It was later said that the package was full of fireworks, but police found another parcel of explosives left behind on the platform that were 16 inches long and several inches thick, raising questions about whether or not these were actually bombs. The man who dropped the package, who was with one or two other companions, was never identified.

So who’s at fault for Mrs. Palsgraf’s injuries? And for how much? She brought a suit against the Long Island Railroad and won at the trial and appellate levels, but their decisions were overturned in the New York Court of Appeals. The decision for the majority was written by Benjamin Cardozo, who went on to become a member of the Supreme Court of the United States.

Cardozo determined that the railroad wasn’t liable because Mrs. Palsgraf’s injuries weren’t a reasonably foreseeable consequence of the railway workers’ actions. “The court must ask itself whether there was a natural and continuous sequence between cause and effect,” Cardozo writes. “Was there a direct connection between them, without too many intervening causes? … Is the cause likely, in the usual judgment of mankind, to produce the result? Or by the exercise of prudent foresight could the result be foreseen?”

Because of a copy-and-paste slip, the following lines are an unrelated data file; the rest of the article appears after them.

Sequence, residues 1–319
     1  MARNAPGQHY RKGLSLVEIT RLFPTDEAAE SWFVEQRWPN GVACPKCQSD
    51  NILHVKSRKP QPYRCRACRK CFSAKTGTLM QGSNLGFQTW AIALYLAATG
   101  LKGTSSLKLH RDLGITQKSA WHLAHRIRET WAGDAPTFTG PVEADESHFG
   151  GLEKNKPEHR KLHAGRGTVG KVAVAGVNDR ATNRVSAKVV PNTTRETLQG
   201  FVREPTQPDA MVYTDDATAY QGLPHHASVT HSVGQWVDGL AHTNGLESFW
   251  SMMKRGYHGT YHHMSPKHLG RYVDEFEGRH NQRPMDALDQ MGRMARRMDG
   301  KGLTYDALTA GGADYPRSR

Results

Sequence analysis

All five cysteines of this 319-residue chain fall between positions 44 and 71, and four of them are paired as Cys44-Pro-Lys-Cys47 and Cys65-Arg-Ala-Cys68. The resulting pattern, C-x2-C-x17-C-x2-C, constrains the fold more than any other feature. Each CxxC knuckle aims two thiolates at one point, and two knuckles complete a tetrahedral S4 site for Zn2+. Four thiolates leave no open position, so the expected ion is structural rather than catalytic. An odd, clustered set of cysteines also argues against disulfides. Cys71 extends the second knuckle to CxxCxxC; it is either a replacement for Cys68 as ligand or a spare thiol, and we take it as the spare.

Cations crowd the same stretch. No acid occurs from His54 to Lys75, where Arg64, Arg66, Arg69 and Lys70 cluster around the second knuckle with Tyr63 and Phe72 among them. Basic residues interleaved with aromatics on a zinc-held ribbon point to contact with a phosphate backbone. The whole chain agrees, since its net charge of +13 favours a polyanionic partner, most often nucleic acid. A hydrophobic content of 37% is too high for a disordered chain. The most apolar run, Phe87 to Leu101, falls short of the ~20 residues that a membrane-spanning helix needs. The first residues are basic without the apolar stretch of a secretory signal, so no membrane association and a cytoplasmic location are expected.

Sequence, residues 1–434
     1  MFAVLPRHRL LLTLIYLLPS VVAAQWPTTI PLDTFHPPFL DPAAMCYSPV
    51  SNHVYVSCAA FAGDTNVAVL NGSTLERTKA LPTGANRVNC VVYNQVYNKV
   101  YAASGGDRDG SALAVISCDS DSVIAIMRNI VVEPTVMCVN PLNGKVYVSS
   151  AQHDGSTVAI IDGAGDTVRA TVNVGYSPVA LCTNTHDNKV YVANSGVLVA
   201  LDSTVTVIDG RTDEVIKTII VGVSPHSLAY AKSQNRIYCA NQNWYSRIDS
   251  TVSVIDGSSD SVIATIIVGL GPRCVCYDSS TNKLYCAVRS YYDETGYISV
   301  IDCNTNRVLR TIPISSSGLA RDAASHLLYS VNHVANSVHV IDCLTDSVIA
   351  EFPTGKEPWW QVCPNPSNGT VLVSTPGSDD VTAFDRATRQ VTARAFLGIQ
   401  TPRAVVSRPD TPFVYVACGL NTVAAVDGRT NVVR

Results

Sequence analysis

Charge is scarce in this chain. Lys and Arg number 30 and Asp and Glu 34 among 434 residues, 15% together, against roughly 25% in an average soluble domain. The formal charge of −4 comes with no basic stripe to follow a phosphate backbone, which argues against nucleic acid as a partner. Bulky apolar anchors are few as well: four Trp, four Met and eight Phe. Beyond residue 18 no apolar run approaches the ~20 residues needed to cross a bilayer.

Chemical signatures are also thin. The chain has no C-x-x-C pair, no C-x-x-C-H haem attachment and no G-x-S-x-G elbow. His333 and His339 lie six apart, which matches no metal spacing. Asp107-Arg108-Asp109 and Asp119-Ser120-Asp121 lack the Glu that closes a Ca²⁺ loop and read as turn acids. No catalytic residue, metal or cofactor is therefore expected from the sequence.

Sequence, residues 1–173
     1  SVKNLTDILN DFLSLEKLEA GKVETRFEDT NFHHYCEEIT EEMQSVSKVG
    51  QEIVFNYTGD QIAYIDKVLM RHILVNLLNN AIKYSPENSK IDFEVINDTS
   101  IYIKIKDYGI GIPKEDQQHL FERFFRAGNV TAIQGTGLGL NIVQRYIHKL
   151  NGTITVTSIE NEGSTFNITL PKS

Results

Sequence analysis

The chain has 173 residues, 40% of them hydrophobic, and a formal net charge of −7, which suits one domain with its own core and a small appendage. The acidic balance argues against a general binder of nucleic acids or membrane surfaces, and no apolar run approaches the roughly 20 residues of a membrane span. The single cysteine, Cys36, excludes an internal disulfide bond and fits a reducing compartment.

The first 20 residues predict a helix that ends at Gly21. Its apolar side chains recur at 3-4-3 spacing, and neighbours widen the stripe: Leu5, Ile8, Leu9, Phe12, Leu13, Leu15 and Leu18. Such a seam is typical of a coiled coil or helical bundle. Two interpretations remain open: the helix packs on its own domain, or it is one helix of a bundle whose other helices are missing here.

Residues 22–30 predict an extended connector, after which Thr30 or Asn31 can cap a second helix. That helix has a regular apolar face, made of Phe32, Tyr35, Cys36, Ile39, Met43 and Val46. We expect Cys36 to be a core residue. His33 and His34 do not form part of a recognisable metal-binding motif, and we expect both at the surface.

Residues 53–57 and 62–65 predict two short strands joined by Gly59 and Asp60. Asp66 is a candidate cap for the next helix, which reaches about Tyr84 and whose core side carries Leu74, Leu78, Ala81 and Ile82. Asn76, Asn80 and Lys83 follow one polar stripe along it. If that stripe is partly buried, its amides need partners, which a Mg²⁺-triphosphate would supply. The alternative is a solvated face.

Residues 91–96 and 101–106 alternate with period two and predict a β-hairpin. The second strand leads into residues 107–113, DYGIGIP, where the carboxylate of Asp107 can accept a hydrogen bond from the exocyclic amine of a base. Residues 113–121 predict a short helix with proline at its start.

The court decided, in this case, no. The rule established by Cardozo’s ruling has since become known as the “zone of danger” test. It says that a defendant in a tort claim owes a duty of care only to reasonably foreseeable plaintiffs – i.e. people you could reasonably expect would be harmed by someone’s negligence.

Civil Procedure

International Shoe Co. v. Washington

If you’re running a company that conducts business across state lines, how much of a presence do you need to have in other states in order for you to be subject to the jurisdiction of their courts?

That’s the issue at the heart of International Shoe Co. v. Washington, a landmark Supreme Court case from 1945 that set a standard for determining state court jurisdiction that exists to this day.